Peter Osei-Kwame drew a long straw. “I was one of the luckiest boys around, blessed,” he said. When he learned he would go to live with his aunt and uncle in Ankaase, “I ran barefoot all the four miles to go live with them,” he said.
His uncle was a missionary school headmaster, an evangelist and the village pianist, herbalist and linguist, Osei-Kwame said. Education was stressed and provided.
“What I got from them was ‘If you work hard, do what we say, we will push you as far as you can go,’” he said. “My mother said that if you do good in school I will sell everything I have for you to go.
“I can’t forget this. She said this because she only had a third-grade education and she wanted us to have more than she had.”
She was 103 when she died in 1987.
Osei-Kwame became a geography professor at the Kwame Nkrumah University of Science and Technology in Kumasi, Ghana. His wife was a nursing assistant.
When Ghana shut down its universities in 1983 for political reasons, the Osei-Kwames left for the United States. They landed first in Iowa and then went to Wisconsin, where he taught in colleges.
Later he began working for the Census Bureau as a geography supervisor, a job that brought the couple to Kansas City in 1998. By then they had been helping Ghanian children for years.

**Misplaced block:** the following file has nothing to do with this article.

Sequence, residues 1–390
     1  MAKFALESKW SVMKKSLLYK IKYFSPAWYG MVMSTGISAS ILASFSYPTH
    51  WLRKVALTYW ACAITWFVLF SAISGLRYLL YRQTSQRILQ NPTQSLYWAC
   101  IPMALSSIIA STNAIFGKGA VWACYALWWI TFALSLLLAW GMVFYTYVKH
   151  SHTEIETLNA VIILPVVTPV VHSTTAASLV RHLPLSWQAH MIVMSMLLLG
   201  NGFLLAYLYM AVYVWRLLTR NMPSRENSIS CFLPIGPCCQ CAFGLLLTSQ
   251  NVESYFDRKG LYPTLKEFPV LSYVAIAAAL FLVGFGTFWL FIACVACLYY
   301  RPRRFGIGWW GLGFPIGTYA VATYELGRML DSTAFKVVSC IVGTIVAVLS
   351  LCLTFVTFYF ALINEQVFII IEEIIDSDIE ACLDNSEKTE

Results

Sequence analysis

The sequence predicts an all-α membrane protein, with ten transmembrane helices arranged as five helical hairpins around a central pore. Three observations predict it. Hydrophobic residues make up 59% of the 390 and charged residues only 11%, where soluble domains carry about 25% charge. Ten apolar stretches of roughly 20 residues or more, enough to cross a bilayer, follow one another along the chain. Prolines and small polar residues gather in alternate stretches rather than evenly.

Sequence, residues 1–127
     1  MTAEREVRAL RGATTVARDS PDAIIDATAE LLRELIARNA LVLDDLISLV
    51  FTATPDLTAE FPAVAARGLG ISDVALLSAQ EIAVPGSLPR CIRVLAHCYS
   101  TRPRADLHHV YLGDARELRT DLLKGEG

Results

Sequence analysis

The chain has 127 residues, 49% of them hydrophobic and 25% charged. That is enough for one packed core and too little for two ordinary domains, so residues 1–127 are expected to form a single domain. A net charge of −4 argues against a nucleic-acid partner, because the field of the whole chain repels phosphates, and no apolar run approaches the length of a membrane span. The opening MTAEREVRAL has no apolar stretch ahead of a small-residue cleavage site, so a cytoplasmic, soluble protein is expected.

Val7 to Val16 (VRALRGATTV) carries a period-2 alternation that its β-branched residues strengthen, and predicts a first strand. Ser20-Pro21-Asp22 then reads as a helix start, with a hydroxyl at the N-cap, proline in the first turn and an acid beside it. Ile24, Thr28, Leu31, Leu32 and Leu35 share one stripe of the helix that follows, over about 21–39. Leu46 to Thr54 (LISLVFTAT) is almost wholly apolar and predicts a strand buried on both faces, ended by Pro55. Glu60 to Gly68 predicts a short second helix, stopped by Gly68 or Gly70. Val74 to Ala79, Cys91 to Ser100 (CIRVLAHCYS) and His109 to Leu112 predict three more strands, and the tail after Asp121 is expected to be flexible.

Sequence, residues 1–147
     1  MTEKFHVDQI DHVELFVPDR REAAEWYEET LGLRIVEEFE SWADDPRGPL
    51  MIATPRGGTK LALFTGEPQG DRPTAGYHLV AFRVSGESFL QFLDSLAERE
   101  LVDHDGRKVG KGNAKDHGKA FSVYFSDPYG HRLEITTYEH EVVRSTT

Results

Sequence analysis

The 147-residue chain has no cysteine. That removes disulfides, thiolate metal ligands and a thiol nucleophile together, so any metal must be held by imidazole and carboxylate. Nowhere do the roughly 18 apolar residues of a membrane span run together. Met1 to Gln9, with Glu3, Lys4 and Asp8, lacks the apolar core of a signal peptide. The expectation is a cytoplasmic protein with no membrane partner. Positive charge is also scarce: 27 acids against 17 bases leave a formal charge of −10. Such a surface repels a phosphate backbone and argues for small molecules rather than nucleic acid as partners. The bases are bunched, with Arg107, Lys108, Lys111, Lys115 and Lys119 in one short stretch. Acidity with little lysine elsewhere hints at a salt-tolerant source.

Family came first. The Osei-Kwames fostered nieces and nephews whose parents could not afford to educate them. Over the years, the couple bought food, clothing and paid school fees for 12 family members, not including their own two children.
They scoured the Internet and talked to friends to learn all they could about operating a children’s charity. In 1994, they started the Africana Children’s Education Fund. They registered it as a 501(c)(3) nonprofit in 2008.
Tax records show the charity has so little money on hand — less than $50,000 — that it isn’t required by the Internal Revenue Service to list its finances on its federal tax-exempt forms.
The charity’s mission isn’t to funnel cash, but to make connections. Peter Osei-Kwame links children with sponsors — individuals, families or groups — in the U.S.
People like to hear the stories of the children they help, said Daniel Borochoff, president of CharityWatch.
“One on one is very appealing,” he said. “It is more attractive to give money to an individual.”
It was Peter Osei-Kwame’s story and the stories that he told about the Ghanaian children that got John Ricks, past president of the Downtown Kansas City Kiwanis Club, interested in the charity.
“Obviously these kids are in a tough situation,” Ricks said. “It is hard for them to pull themselves out of poverty until they get an education, but in Ghana education is not public.”
Ricks has been donating to the charity for the past two years.
“The other part that moves me,” he said, “is that Peter and his wife have devoted their lives to trying to help these kids.”
Osei-Kwame said he and his wife could not do it without support from people like Ricks.
“What makes me happy,” he said, “is to ensure that the lives and fortunes of orphans and poor children I meet change for the better.”
For more information about the Africana Children’s Education Fund, call 816-436-5953 or send email to firstname.lastname@example.org.